This was always an election that would favour a change candidate, but conventional wisdom said that the reality TV star was not plausible in a general election. But he turned his complete lack of political experience into a huge advantage.
The fact that Trump was light on policy detail while on the stump, and that he contradicted himself on an almost daily basis, means that we have very little to go on when trying to ascertain what a Trump presidency will mean for Asia.
Most obviously, the first question will be how he runs his administration. Will Trump be a chairman of the board or will be adopt a CEO style approach?
All indications seem to be that he is likely to be a chairman. My best guess is he will act more as a figurehead and general direction-setter, delegating the core decision-making to his cabinet secretaries or advisers.
If that is so, a great deal will turn on whether he appoints more conventional Republicans in these key roles or whether he follows an anti-establishment instinct and brings more radical figures into the cabinet. If it is the former, then some of the wilder claims made during the election are unlikely to come to fruition. If the latter, then things will be very different from the past.
Militarisation in Asia
In the interim, America’s Asian allies will be assessing just how dependable a Trump-led United States will be. To what extent can Japan, South Korea and Taiwan expect the level of protection that they had come to expect from Washington? What steps will they now need to take to offset that uncertainty?
For some years, the region has become more uncertain in general. Competition between China and the US has increased. In response, countries across Asia have been boosting their defence spending to mitigate the risks. This sentiment is going to be badly exacerbated by Trump’s presidency. Expect more militarisation of Asia’s international politics.
The first reaction in Beijing and Pyongyang has been to raise the champagne flutes. The US is humiliated, conventional wisdom in Washington overturned, and the region’s dominant power badly undercut.
Clinton was expected to provide a much more robust response to a rising China and to dent the nuclear ambitions of North Korea. Each expects a far easier ride from Trump.
Yet, in the same way that allies do not know what to expect, neither does China and North Korea. The traditional US playbook in Asia has been thrown out the window. But it does not follow that Trump will be more accommodating toward China. He has made a great deal out of his capacity to negotiate and his willingness to cut deals. But he is also an impulsive nationalist who has promised huge defence expenditure increases and shows little concern about flexing military muscle. There is as much chance that he contests China’s rise militarily as he does accommodate it.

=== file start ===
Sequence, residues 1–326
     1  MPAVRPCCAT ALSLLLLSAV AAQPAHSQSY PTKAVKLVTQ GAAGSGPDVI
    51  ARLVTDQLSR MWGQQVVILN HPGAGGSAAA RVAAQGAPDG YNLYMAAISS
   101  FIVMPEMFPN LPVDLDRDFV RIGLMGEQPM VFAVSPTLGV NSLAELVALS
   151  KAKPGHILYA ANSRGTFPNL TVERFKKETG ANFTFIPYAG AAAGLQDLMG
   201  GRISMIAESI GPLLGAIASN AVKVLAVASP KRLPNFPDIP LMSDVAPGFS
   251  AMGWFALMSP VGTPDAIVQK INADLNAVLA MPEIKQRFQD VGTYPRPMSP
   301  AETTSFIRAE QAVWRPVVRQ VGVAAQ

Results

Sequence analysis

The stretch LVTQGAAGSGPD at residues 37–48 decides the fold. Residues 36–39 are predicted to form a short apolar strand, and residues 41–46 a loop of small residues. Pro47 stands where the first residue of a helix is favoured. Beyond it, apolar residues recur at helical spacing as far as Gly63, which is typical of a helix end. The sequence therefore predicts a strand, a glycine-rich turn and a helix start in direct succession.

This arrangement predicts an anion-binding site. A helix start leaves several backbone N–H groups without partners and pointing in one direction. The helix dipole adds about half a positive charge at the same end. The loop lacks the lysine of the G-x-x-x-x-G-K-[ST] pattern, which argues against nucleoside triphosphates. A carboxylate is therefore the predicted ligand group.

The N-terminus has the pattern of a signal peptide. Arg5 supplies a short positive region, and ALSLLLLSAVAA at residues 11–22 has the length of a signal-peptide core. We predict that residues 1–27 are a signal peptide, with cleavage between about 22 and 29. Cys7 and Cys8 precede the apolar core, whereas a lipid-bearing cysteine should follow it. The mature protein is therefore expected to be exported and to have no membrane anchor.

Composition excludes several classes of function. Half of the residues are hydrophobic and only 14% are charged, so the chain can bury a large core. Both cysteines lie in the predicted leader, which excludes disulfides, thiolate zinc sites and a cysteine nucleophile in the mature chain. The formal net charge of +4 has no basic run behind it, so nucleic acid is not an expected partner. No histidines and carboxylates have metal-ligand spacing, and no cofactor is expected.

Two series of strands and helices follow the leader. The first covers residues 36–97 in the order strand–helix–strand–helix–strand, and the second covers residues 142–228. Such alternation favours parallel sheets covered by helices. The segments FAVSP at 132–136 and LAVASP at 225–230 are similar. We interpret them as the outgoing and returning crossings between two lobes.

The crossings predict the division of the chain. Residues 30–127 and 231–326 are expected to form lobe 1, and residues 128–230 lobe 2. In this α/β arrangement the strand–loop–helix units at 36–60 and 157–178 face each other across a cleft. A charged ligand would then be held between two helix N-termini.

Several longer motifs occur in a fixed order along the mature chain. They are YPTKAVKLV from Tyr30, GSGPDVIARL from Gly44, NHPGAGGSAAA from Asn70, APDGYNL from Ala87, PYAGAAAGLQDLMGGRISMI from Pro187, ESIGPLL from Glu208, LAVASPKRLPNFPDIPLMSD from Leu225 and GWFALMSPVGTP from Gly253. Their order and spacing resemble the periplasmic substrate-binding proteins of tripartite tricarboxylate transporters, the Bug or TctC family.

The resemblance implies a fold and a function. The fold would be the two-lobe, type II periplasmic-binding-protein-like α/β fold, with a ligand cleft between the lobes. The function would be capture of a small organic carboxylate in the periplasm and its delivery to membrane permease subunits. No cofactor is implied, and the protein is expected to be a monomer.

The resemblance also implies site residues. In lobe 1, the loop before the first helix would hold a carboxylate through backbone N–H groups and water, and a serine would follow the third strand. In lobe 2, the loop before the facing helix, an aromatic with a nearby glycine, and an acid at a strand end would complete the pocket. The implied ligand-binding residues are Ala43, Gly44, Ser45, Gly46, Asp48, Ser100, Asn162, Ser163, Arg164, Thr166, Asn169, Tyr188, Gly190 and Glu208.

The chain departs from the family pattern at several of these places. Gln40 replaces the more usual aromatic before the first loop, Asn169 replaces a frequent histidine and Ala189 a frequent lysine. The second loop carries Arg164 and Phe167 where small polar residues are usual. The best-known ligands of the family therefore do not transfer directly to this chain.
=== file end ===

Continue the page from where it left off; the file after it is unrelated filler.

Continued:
Trade trouble ahead
On the economic front, clearly the TPP is dead in the water. What is much less clear on the trade front is whether Trump will make good on his threat to impose punitive unilateral action on China. If he were, the costs to both would be significant.
More importantly, it could prompt not just a trade war but could lead China to take retaliatory steps. That could include, at the extreme end, the nationalisation of US economic interests in China. Those interests are not insignificant.
End of an era
In the heat of the moment, there can be a temptation to overstate the importance of events. But Trump’s election, in many respects, marks the end of an era.
The region enjoyed a peaceful and stable geopolitical environment that was created once China and the US worked out how to live with one another in the late 1970s. The rise of Chinese leader Xi Jinping and his more assertive and confident foreign policy marked the beginning of the end of that period.
Trump’s election brings it firmly to a close. Quite where he will go, we simply do not know. This in itself is a break with the past. When one adds that to Trump’s disruptive instincts, get set for a much more contested and unstable region.
Asia’s international politics have entered uncharted waters.
This article first appeared in The Conversation.
Image: EPA/Peter Foley